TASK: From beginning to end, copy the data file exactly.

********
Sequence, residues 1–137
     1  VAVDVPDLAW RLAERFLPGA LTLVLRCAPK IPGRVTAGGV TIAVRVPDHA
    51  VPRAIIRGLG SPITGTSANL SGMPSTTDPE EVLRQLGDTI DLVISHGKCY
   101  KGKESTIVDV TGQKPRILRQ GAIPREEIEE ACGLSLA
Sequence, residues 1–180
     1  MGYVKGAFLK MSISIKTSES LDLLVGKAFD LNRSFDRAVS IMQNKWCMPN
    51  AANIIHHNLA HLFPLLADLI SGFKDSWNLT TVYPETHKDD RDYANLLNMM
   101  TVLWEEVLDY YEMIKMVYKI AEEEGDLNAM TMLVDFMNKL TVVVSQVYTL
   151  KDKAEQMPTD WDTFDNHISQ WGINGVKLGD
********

Sequence, residues 1–137
     1  VAVDVPDLAW RLAERFLPGA LTLVLRCAPK IPGRVTAGGV TIAVRVPDHA
    51  VPRAIIRGLG SPITGTSANL SGMPSTTDPE EVLRQLGDTI DLVISHGKCY
   101  KGKESTIVDV TGQKPRILRQ GAIPREEIEE ACGLSLA
Sequence, residues 1–180
     1  MGYVKGAFLK MSISIKTSES LDLLVGKAFD LNRSFDRAVS IMQNKWCMPN
    51  AANIIHHNLA HLFPLLADLI SGFKDSWNLT TVYPETHKDD RDYANLLNMM
   101  TVLWEEVLDY YEMIKMVYKI AEEEGDLNAM TMLVDFMNKL TVVVSQVYTL
   151  KDKAEQMPTD WDTFDNHISQ WGINGVKLGD